The still-greater contradiction is that the Confucius Institute engaged the university’s cherished traditions of laissez-faire, both as a matter of academic freedom and as an economic philosophy, in a global project designed to increase the political influence of the People’s Republic of China. This antithetical combination of free enterprise and government constraint was already present in April 2008, when Dali Yang and Ted Foss consulted a Chinese education consul in Chicago on the general requirements for a Confucius Institute. By the testimonies of these two gentlemen—including a historical sketch of the Chicago CI written by Yang—the process of consultation that followed involved an early “heads-up” to the deans of humanities and the social sciences. Later, Yang presented the proposal for a Chicago CI to the China scholars of the Center for East Asian Studies, who after some discussion unanimously approved its establishment. This was the only group that ever had a vote (the Korea and Japan scholars were left out of the loop), and they were among the only university faculty members who knew anything about the institute before it was inaugurated.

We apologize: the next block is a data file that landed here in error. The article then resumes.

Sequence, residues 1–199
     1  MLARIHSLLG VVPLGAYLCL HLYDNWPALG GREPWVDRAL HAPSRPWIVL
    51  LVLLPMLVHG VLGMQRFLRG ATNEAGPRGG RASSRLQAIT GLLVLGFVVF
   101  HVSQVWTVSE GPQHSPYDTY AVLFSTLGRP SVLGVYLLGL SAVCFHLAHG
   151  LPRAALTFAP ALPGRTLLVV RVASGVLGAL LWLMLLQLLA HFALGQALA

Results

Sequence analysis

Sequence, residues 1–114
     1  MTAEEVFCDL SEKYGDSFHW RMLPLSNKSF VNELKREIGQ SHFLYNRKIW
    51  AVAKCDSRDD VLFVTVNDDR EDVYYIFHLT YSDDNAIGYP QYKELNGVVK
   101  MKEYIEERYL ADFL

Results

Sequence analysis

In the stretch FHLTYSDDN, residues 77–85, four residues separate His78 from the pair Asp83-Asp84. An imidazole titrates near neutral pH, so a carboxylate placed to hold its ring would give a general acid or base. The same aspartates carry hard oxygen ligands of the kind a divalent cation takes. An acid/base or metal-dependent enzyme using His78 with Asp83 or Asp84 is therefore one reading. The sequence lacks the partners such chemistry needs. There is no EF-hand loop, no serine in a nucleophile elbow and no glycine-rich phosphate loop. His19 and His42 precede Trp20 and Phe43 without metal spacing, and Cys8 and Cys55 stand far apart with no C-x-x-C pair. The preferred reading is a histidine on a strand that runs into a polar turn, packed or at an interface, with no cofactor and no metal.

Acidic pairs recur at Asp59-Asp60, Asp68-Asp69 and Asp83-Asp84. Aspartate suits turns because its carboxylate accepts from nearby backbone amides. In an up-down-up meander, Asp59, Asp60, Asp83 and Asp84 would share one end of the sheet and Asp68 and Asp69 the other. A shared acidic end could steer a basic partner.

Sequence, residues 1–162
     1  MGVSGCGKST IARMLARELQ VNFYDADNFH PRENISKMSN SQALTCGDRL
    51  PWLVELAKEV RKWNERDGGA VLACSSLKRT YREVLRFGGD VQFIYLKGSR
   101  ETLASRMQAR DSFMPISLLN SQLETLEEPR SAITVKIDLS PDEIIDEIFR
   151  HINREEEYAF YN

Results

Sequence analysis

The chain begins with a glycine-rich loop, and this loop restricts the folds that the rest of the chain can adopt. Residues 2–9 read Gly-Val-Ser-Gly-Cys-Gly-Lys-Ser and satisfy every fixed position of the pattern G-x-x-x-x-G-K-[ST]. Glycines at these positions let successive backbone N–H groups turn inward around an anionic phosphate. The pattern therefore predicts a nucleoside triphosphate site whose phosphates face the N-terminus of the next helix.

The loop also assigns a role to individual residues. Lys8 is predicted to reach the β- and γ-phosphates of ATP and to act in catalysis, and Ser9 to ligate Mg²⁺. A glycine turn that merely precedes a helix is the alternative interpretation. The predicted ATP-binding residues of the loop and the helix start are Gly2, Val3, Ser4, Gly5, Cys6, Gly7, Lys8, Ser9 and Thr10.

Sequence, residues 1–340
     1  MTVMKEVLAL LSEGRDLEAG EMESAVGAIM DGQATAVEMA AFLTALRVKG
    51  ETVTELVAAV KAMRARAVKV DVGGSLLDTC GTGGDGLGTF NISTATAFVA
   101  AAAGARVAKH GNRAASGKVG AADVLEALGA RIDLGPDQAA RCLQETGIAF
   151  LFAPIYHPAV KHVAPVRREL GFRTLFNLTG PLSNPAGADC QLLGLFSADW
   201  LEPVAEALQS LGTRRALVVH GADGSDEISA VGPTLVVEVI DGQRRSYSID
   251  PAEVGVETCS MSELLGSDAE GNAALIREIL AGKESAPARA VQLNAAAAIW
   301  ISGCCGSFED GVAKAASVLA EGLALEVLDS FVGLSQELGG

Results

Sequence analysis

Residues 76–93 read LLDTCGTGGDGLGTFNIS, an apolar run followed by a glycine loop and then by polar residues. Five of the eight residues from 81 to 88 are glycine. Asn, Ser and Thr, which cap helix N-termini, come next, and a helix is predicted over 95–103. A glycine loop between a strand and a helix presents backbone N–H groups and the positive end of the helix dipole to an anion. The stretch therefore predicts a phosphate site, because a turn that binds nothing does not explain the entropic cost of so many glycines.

Later, in 2010, after news of the deal became public, 174 Chicago faculty members signed a petition protesting the administration’s ill-advised acceptance of a Confucius Institute without the consent of a governing body that properly represented them. According to Dali Yang’s history, the executive committee of the Center for East Asian Studies had discussed the CI in the year leading up to its founding, but at least one member of this small committee—Bruce Cumings, the eminent historian of Korea—did not learn of the CI’s existence until a good six months after the deal had been signed and sealed with Beijing. (The executive committee of the center meets very infrequently, according to Foss, even less than once a year.) Otherwise, the only other consultation was a meeting late in the day with a “small working group of faculty, deans, and administrators.” In September 2009, the CI proposal was submitted to Hanban. On September 29, 2009, the agreement to establish a Confucius Institute was signed by a vice president of the university and the executive director of the Hanban headquarters. On June 1, 2010, the institute was formally opened, with the president of the University of Chicago and Hanban dignitaries in attendance at the festivities.